Julian Bond, Civil Rights leader, advocate of LGBT equal rights, and Humanist, passed away this week. From his college days when his journey of activism began to his final days at age 75, he was a tireless hero bringing light to our world, creating hope, and inspiring us all.
He spoke at a diversity event in October of 2014 on the “Road To Freedom: Alabama to Obama”. He spoke not only of the current relevance of racial equality issues, but also of equality for all and his advocacy for the LGBT community. He conveyed the ethical urgency of treating all human beings like human beings. He steadfastly believed in the possibility of achieving that level of civic enlightenment. He believed in the possibility – after all he has seen and been through.
After his speech he took questions; one person asked about his religion. He answered simply that he was not a believer and never had been. A palpable shock wave of stunned silence pressed through the crowd, then faded unacknowledged as he moved on to answer the next question. While he had always been a leader to look up to, this was something about him i had not known. I truly cannot express how it felt to have a beloved national leader, whom i had always respected, reflect my non-belief – in front of my peers! Seeing ourselves reflected in those around us and among leadership is important – and is a great step toward building bridges across differences.
Often we hear encouragement for those of invisible diversities, such as LGBTQ+, religious minority, or non-faith individuals, to be open about who they are. Such bold genuineness can generate awareness that there are good people of these diversities all around us and that the potential for human goodness transcends divisive labels. If we can begin to see that some of the people we love fall in the set of those we have been trained to hate and fear, we might re-evaluate misguided judgment. And just maybe, start to fade the borders in our heart’s Venn diagram where we have divided “them” and “us”, and widen the intersection of “those we value”.
Being “out” as a non-religious individual is not easy – or safe – for everyone. But there are many more like-minded people than we realize. Some secular individuals simply choose to be aligned culturally or in ritual practice with a faith perspective because they value the community and life structure it provides, but either openly or secretly do not share the faith. Others “pass” or pretend in fear of potential marginalization, devaluing, inequality, mistreatment, and other consequences that can come from being associated with the most hated demographic in America: Secularism. The Clergy Project is a clear example of secular individuals whose complex, visibly faith-based journeys masked non-faith.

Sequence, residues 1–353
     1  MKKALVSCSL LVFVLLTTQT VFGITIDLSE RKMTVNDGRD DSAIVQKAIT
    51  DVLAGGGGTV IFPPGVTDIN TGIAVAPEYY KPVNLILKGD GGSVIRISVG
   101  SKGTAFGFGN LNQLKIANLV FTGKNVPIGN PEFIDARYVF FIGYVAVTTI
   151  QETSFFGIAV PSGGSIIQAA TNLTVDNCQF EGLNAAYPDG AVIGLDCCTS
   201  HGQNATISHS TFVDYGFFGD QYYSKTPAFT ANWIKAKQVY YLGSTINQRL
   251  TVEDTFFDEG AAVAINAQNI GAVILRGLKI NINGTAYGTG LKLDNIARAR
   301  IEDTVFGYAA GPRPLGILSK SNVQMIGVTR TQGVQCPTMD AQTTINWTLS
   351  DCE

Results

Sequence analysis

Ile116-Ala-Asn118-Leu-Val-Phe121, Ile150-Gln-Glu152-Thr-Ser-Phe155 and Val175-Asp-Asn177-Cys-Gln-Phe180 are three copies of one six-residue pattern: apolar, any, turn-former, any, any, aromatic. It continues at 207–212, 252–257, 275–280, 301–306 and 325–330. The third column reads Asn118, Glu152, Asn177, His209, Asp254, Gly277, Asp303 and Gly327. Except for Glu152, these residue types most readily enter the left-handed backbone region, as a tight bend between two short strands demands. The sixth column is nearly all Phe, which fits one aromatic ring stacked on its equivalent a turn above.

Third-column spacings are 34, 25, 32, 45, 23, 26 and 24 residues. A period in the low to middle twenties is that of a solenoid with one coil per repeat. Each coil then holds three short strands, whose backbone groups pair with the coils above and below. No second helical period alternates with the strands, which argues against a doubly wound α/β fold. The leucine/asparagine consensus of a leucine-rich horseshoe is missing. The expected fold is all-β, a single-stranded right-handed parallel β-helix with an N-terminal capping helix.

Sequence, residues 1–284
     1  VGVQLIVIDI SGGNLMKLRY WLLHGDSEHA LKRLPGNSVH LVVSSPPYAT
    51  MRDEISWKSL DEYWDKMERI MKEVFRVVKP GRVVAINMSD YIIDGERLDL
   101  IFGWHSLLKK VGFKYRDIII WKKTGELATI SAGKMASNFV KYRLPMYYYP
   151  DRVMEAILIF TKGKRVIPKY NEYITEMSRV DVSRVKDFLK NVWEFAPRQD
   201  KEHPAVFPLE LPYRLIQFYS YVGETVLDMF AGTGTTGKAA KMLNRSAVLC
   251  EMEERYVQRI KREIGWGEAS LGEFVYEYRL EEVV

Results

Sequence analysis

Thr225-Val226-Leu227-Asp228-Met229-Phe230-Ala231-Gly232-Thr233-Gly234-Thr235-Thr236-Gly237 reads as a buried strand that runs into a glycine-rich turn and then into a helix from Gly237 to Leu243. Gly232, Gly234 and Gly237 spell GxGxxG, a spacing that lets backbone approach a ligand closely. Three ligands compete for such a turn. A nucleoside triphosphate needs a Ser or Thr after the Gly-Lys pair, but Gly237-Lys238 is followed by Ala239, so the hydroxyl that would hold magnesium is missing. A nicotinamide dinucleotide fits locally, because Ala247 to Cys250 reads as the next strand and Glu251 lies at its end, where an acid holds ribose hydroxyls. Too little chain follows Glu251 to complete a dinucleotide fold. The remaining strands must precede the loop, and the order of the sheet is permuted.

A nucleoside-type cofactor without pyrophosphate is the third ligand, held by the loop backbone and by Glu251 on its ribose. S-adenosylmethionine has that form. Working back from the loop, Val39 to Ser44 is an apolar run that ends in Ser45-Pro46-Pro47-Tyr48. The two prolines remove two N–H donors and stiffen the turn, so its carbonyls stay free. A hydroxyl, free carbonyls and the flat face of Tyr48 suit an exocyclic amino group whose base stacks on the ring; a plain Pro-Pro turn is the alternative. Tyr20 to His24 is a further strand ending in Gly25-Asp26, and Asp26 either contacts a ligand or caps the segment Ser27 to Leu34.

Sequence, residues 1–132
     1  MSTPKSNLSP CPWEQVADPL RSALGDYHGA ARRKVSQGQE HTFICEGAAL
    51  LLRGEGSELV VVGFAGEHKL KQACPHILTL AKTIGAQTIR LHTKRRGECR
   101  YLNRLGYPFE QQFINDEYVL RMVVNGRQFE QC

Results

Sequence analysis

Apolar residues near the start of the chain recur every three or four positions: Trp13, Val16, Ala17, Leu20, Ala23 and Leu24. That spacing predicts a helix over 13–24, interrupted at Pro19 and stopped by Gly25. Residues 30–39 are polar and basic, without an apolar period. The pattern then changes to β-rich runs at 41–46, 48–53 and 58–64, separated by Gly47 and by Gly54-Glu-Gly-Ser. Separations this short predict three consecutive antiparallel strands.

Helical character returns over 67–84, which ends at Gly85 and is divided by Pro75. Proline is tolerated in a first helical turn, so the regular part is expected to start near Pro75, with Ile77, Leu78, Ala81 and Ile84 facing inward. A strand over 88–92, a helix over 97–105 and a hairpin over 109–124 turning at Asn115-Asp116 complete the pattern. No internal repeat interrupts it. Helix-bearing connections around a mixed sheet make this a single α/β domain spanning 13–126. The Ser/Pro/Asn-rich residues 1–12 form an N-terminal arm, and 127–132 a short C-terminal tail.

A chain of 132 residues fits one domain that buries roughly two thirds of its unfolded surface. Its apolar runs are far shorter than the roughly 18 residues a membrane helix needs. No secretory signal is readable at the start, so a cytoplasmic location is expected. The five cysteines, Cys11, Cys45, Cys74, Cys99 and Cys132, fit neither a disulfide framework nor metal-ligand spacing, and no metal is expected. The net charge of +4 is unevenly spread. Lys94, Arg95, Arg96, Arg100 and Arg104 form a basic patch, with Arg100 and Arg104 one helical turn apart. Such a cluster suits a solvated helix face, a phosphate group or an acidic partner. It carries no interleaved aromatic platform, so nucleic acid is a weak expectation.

For our Orlando readers – one of the many UCF Office of Diversity and Inclusion workshops for students, faculty, and staff is Secular and Religious Minority Awareness (SRMA). Similar to the content above, the workshop discussion and activities focus on exploring the experiences of those potentially impacted by faith-related inequities and generating respect for people of all faith and non-faith perspectives.
I remember a poignant missed opportunity to say hello to Julian Bond in the ballroom after his speech. But later i happened to see him leaving from the building – and oh-yes-i-DID – ran after him through the parking lot like a teenager wanting to meet a rock star after a concert. Worth looking silly: I had the honor of shaking his hand and thanking him for all that he has done to uplift humanity. I didn’t specifically thank him for being forthright about his non-belief, but surely he knew the impact of his words. He was an empathetic leader in touch with those marginalized and in need of a voice. Millions of Americans need people like him to demonstrate and normalize Humanist goodness. I am grateful for his courage, tireless confidence in humanity, and immeasurable positive impact.
In the words of Southern Poverty Law Center co-founder Morris Dees: “With Julian’s passing, the country has lost one of its most passionate and eloquent voices for the cause of justice. He advocated not just for African Americans, but for every group, indeed every person subject to oppression and discrimination, because he recognized the common humanity in us all.”
Julian Bond dedicated his life to historical national impact that influences millions to uplift others. Many of us, however, are simply serving in some small way to make a difference in our community, our family, or even for an individual. Regardless of the scope of your impact, you matter. To each of you – thank you for all that you do to make the world a better place. When you bring hope, inspiration, and happiness to others, it matters in ways you will never even know.
Founder and Organizer, BE. Orlando
“Act as if what you do makes a difference. It does.” ~ William James
We’re halfway there. ~ Zeno
- Julian Bond Obituary, Associated Press
- Julian Bond Article, New York Times
- Julian Bond Article, National Public Radio (NPR)
- AAH list of Historic Black Humanists
- The Clergy Project
- Secular and Religious Minority Awareness Workshop (UCF)
- Central Florida Secular Resources, Allies and Community Groups